"But what we are really excited about," continues the effusive Mackenzie, "is our new FSA umbrella route for start-up traders and hedge fund managers." A typical client for this service is a prop trader or a sole trader CTA. "The prop trader will have been a CF26 (called "Customer Trading" but the capital belongs to the firm) for FSA purposes," she explains carefully. "You need to be a CF27 (Investment Management) to manage a hedge fund. So what we do is have a regulated firm that has scope to manage money take on the trader as a CF26. They will typically be running a single managed account at this point in order to start to build a real track record. After three months or so of monitoring by us and by taking the regulatory paper of the IMC (Investment Management Ceritificate), we will look to have the trader designated as a CF27 when we are satisfied that they are competent. By simply taking the exam, you cannot upgrade without being inside a regulated firm . You need two CF27s to start your own Authorised hedge fund, we can often find a locum arrangement for a newly created CF27, to aid in the process."

In the meantime the new corporate entity (NCE) controlled by the trader-client will have been made an appointed representative of a firm that has the permission of the FSA to carry out marketing (that is for the investment management firm), thus beginning their own track record and branding. Then the trader-client can become active inside the regulated entity carrying out controlled functions such as investment management (CF27) or investment advice (CF21) and their NCE can be used for marketing and building a brand. There is a further complication in that the NCE cannot initially be seen to act as the investment manager of the (offshore) fund, so via a portfolio management agreement the NCE may provide another investment service (investment sub-advice, or risk management advice) to the offshore management company.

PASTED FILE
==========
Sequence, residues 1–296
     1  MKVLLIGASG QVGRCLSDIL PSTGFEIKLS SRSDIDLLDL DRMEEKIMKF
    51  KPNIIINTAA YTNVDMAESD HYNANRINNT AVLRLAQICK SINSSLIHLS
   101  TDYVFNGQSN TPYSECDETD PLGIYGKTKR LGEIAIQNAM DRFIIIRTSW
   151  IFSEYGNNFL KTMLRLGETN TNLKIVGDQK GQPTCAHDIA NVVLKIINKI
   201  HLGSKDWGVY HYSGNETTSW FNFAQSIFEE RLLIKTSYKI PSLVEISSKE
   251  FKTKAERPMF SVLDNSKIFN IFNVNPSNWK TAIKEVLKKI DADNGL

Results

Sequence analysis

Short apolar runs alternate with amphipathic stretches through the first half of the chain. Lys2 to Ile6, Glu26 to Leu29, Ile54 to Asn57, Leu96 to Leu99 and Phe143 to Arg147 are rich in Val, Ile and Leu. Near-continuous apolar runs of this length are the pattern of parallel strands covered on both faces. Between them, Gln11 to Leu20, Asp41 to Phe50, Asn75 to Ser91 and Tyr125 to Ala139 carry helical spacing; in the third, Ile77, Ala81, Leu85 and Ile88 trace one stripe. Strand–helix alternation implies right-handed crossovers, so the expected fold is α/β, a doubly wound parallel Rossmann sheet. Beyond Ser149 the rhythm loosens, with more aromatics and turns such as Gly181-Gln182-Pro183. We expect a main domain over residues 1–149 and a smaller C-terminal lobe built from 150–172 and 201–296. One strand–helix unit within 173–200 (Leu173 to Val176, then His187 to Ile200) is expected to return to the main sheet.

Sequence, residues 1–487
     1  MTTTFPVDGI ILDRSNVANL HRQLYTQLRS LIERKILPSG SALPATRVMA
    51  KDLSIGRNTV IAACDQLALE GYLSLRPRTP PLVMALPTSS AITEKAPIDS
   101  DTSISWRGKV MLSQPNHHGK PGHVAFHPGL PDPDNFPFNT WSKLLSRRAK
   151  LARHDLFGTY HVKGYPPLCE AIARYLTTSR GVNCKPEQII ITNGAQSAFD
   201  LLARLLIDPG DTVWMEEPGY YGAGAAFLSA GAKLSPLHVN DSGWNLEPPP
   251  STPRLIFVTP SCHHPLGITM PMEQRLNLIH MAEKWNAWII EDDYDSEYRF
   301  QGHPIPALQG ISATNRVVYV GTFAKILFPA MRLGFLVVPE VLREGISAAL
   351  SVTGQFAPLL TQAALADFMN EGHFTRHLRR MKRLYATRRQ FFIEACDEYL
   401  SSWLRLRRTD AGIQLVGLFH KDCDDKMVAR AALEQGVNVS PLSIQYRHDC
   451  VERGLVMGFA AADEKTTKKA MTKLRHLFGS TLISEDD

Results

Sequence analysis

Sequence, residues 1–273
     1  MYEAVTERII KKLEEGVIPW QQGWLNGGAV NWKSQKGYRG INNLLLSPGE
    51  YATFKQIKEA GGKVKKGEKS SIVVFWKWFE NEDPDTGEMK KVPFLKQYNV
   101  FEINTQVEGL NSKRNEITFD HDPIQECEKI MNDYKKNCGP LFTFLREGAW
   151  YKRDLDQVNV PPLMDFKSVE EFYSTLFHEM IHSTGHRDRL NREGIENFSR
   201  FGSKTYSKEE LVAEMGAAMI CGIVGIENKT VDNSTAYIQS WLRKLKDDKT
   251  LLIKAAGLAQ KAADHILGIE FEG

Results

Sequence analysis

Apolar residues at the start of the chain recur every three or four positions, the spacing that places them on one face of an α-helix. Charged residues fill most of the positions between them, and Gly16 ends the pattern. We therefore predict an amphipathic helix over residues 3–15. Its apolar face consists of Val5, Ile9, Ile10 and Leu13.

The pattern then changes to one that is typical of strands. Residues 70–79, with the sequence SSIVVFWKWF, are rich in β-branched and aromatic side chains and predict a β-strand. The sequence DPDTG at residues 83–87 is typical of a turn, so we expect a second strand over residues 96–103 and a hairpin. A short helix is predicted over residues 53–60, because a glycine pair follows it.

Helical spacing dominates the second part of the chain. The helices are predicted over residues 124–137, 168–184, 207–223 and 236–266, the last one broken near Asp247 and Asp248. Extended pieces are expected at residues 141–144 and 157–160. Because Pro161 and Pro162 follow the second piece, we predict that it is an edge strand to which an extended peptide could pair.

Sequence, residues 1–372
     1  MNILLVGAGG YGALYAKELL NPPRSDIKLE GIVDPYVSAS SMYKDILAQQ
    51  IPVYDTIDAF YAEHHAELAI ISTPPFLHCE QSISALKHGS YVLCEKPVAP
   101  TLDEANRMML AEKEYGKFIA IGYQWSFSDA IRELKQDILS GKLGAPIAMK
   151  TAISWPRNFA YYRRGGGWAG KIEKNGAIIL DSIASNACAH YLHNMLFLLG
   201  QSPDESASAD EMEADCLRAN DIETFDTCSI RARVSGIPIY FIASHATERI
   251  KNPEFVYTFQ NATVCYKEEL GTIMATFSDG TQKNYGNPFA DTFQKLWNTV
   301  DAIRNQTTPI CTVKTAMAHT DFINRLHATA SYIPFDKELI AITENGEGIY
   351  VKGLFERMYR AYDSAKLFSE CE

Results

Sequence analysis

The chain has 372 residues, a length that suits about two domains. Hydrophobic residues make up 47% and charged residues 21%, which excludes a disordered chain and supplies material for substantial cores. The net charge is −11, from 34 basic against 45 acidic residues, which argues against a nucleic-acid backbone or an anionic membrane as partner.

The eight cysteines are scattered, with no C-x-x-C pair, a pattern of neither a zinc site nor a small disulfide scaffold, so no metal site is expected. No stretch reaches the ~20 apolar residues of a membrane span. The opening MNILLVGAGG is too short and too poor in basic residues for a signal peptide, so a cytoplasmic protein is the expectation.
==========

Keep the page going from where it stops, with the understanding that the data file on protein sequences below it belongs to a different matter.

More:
This may seem like an extra layer of corporate structure behind the hedge fund/management company. But the more tax-conscious hedge fund management companies sometimes put in place an offshore investment management company anyway, so there is not necessarily more complexity than many structures. To go through these steps there have to be advantages. "I think the biggest advantage is time-to-market," declares Sturgeon Ventures CEO Mackenzie. "Using this approach can cut the time from leaving an employer to actually managing money to a few weeks. There is the advantage of a real track record. The client is also being nurtured by us as they make the tough transition from the closeted environment of a bank to independent operation – we find clients really appreciate this element." There is also flexibility in this mechanism of setting up – the whole arrangement can be terminated with three-months notice and/or upon FSA authorisation. The flexibility may be important as Sturgeon is paid under the scheme at a monthly rate.

There are also some avoided costs in the Sturgeon umbrella. The client does not have to put up the regulatory capital that the FSA requires of investment management firms – €50,000-€125,000. Unlike leaving some platforms, the managers can attain independence quickly and cleanly. The client owns the named entity that is written in to documentation such as the Investment Management Agreement and Prospectus. There is no need for a messy divorce.

"In some ways I see this as a way for prop traders or even people running money for their friends or contacts to get into a regulated environment and find out how good they really are at running money without the substantial capital commitment that that usually takes, "says Mackenzie. "Unfortunately some start-ups take that test and fail, and have to bear all the expensive consequences themselves." Sturgeon Ventures think that the umbrella structures they work with can help overseas firms and non-EU nationals come into the UK regulatory fold in an efficient way. So with the newly formed Sturgeon Buchanan Partners tapping into an American client base Ms. Mackenzie could be in for abusy time.